Skip to main content

Traditional Czech hockey hotbeds hosting World Juniors

by Bill Meltzer

Detroit Red Wings goaltender Dominik Hasek grew up in Pardubice and is a product of the HC Pardubice hockey system.
One of the most rewarding facets of the World Junior Championships -- apart from the games themselves and the drama of the tournament -- is the opportunity it provides for fans from all over the world to learn more about the host locales. As the scene shifts annually from one country and town to the next, the unique aspects of the host city’s sporting and cultural identities are put on display.

Last year’s World Junior Championships were held in the lovely small towns of Leksand and Mora along picturesque Lake Siljan in central Sweden. This year, the tournament moves to two larger and more urbanized locales in the Czech Republic.

A visit to Pardubice or Liberec -- whether to watch a hockey game or see what the metropolis has to offer -- affords a different experience from the other host city, not to mention Prague.

Pardubice, the home of Extraliga club HC Moeller Pardubice, will host the World Junior Championships’ Pool A and medal-round games. The city is located 62 miles (100 kilometers) east of Prague.

The history of Pardubice dates back to the 1200s. In the modern era, Pardubice has become a heavily industrialized city of 94,000 residents. Culturally, it’s known for its restored gothic castle originally built in the late 1400s, the East Bohemian museum and the architecture of its town square. The locale is also know for its 700-year-old tradition of baking gingerbread; many of the tourist shops in the Czech Republic selling the goodies advertise it as Pardubice gingerbread.

Apart from its long hockey tradition, Pardubice’s sporting culture is known for horse racing (the Pardubice steeplechase, which dates back to 1874 is one of the most famous races in Europe).

There have been amateur hockey clubs in Pardubice since 1913. The modern day HC Pardubice organization traces its foundation to 1926. Since its entrance the elite league in 1949, the team has never been relegated from the top level. The team’s logo, depicting a majestic galloping white horse against a red background, is directly inspired by the city’s coat of arms.

The most famous locally born players developed through the HC Pardubice hockey system include future Hall of Fame goaltender Dominik Hasek of the Detroit Red Wings, Ales Hemsky of the Edmonton Oilers, former NHL player Jan Bulis and the retired Otakar Janecky (a longtime star for HC Pardubice and Finnish team Jokerit Helsinki). Former NHL defensemen Michal Sykora and Frantisek “Frank” Musil are also local products.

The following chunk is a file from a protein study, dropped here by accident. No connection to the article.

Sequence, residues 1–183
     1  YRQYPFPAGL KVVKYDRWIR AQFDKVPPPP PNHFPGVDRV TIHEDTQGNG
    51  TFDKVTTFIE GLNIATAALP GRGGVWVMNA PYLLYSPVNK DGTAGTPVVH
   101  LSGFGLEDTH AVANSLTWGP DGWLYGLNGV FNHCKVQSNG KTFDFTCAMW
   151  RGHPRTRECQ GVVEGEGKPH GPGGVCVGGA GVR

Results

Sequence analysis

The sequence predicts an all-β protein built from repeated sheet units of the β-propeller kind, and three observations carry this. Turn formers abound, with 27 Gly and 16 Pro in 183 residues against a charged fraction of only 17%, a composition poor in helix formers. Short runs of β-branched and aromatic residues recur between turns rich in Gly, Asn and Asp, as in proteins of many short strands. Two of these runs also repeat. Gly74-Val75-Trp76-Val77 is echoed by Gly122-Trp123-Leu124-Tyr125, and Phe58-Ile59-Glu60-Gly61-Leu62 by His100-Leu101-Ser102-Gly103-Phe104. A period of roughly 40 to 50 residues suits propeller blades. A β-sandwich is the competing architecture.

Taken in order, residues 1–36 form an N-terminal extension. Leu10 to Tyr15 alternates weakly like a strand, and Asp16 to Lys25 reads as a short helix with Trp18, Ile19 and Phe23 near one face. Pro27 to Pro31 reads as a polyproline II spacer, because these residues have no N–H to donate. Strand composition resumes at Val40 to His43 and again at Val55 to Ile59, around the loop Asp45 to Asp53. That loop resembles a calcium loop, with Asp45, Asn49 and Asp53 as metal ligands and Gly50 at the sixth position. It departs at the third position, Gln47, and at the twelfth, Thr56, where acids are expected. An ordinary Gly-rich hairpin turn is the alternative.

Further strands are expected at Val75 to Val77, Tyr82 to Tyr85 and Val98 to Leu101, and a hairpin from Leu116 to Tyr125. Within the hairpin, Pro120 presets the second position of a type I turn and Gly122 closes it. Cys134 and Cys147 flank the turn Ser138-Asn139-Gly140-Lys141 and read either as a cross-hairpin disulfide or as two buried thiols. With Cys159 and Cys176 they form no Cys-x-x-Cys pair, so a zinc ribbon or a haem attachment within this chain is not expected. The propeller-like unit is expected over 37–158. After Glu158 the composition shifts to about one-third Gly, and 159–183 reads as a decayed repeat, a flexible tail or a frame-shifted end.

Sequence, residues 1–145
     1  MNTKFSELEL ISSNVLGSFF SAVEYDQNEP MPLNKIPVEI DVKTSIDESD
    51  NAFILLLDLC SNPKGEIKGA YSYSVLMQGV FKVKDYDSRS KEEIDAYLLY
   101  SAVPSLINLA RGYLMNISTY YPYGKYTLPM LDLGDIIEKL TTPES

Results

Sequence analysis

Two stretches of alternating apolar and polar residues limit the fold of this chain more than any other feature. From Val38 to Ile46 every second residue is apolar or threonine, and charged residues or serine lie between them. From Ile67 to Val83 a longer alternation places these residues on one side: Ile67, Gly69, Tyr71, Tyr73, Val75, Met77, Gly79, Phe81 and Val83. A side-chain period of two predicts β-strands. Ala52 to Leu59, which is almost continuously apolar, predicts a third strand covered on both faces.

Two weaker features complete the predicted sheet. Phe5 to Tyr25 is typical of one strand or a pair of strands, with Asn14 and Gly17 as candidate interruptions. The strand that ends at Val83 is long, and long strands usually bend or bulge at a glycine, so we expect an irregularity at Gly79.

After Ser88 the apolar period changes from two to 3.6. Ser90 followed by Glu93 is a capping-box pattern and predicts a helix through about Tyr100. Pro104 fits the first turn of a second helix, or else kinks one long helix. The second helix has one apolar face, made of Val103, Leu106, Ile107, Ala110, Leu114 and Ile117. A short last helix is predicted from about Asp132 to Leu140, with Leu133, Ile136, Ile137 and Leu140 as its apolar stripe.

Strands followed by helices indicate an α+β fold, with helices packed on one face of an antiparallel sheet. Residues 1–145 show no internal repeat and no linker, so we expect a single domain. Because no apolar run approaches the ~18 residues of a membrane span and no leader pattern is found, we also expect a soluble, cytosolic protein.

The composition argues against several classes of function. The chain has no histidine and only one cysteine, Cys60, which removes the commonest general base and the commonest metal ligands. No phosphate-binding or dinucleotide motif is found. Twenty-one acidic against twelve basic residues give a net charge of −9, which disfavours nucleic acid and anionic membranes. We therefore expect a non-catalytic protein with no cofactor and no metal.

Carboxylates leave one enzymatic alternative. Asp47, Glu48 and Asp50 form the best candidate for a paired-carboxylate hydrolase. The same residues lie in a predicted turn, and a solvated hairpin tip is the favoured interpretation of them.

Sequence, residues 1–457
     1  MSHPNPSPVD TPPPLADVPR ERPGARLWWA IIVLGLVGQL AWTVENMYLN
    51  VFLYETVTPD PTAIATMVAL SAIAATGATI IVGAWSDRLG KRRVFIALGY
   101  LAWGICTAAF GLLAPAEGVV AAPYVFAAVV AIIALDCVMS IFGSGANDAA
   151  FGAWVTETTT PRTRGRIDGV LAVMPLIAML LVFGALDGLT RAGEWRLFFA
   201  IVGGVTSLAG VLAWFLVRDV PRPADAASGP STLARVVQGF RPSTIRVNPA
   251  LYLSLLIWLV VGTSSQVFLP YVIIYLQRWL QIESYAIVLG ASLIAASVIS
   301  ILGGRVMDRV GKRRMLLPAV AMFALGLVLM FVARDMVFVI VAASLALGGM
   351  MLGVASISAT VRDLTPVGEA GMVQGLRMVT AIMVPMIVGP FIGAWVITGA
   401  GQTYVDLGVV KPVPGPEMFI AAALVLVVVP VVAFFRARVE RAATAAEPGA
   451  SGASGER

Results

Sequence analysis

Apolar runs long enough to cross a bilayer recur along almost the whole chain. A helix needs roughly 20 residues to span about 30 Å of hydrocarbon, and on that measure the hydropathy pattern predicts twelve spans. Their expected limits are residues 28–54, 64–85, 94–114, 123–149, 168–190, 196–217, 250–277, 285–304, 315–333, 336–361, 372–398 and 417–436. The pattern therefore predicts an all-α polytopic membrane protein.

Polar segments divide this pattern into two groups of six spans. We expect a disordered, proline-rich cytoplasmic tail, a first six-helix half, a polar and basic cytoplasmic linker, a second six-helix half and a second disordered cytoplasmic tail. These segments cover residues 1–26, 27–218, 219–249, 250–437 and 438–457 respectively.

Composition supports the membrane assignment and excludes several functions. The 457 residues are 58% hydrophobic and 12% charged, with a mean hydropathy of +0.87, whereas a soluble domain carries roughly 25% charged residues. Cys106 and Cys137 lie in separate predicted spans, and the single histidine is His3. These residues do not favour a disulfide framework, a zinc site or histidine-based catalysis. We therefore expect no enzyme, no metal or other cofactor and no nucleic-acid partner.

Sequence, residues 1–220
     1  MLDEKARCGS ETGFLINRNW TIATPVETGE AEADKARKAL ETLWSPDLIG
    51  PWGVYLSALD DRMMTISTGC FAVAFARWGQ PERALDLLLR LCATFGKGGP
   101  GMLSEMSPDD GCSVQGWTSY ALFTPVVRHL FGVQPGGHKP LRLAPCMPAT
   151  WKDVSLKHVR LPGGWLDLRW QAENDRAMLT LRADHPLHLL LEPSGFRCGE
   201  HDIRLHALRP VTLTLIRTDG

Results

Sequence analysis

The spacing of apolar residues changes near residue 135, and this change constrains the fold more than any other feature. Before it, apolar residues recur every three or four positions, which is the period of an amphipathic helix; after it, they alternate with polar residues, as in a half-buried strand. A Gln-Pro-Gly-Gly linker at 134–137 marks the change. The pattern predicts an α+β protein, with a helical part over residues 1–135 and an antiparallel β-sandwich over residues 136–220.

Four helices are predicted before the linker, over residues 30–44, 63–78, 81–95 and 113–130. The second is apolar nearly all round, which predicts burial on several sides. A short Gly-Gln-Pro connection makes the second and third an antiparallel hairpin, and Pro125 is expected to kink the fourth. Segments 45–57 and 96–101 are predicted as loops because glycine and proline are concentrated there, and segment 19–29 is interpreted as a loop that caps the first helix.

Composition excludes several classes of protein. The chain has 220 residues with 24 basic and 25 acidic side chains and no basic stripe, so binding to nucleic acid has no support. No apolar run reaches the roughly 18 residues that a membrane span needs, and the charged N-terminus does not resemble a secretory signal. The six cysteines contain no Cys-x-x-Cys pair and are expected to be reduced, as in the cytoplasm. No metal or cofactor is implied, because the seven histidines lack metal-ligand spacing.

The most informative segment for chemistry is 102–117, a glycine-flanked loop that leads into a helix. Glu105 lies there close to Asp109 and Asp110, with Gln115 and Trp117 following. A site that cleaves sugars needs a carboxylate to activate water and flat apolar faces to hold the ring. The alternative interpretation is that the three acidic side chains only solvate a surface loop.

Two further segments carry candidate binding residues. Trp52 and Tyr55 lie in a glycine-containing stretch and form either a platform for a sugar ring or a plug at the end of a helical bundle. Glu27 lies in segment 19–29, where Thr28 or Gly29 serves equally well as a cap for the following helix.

Additionally, Milan Hejduk, who hails from Usti nad Labem near the Czech-German border, first rose to prominence with HC Pardubice and later returned to the team during the NHL’s 2004-05 work stoppage.

During the communist era of Czechoslovakia, a cadre of key national team performers came from Pardubice. For NHL fans, the best-known is Jiri Crha, who played two seasons with the Toronto Maple Leafs (1979-80 and 1980-81) to become the first Czech goaltender to play in the NHL.

Several of Crha’s contemporaries who were regulars on the Czechoslovakian national team that won three IIHF World Championships were also players from HC Pardubice, including high-scoring wingers Josef Palecek and Vladimir Martinec as well as shifty pint-sized center Jiri Novak. Slovak star Bohuslav Stastny (the older brother of Peter, Marian and Anton Stastny and the uncle of Paul Stastny and Yann Stastny) was also a member of the team in this era.

HC Pardubice has won four Czechoslovakian/Czech championships during its long history. During the communist era, Pardubice won the Czechoslovakian championship in 1972-73 and 1986-87.

During the 2004-05 NHL lockout season, the team was bolstered by some key additions to win its first Extraliga crown in 16 years, downing HC Zlin in the finals. In that series, Hejduk scored the championship winning goal in the final game. Hemsky won playoff MVP honors.

More recently, the club has had its ups and downs. It finished ninth in 2005-06, but reached the finals last year before losing to HC Sparta Prague. So far this season, the team has struggled to keep the puck out its own net and currently sits in eighth place, some 30 points behind league-leading HC Slavia Prague.